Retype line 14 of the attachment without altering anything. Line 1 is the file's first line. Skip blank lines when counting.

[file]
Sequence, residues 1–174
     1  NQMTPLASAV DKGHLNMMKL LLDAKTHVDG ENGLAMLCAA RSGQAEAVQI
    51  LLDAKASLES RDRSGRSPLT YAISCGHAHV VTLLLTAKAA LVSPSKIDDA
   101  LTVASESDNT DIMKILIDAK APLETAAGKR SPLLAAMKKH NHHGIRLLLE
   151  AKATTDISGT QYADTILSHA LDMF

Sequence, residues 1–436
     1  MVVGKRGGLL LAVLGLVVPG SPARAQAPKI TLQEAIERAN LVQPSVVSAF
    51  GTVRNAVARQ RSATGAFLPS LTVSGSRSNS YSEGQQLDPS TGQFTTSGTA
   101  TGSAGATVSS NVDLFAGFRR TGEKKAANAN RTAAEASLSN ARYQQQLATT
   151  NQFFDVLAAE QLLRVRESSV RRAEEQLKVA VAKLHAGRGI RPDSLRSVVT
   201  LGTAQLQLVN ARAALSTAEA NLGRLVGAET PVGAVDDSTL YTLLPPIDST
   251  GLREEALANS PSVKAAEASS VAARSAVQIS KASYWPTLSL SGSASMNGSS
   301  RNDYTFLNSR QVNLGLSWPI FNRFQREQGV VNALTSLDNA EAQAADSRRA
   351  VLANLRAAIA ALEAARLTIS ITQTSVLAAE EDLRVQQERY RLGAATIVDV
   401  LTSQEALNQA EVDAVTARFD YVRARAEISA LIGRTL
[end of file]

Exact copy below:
   351  VLANLRAAIA ALEAARLTIS ITQTSVLAAE EDLRVQQERY RLGAATIVDV